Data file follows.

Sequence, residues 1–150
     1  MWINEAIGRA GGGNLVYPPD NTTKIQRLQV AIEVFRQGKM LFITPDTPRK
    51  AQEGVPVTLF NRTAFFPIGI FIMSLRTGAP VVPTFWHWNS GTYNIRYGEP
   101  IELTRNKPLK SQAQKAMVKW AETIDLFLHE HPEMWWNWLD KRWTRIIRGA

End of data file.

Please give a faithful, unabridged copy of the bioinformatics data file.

Sequence, residues 1–150
     1  MWINEAIGRA GGGNLVYPPD NTTKIQRLQV AIEVFRQGKM LFITPDTPRK
    51  AQEGVPVTLF NRTAFFPIGI FIMSLRTGAP VVPTFWHWNS GTYNIRYGEP
   101  IELTRNKPLK SQAQKAMVKW AETIDLFLHE HPEMWWNWLD KRWTRIIRGA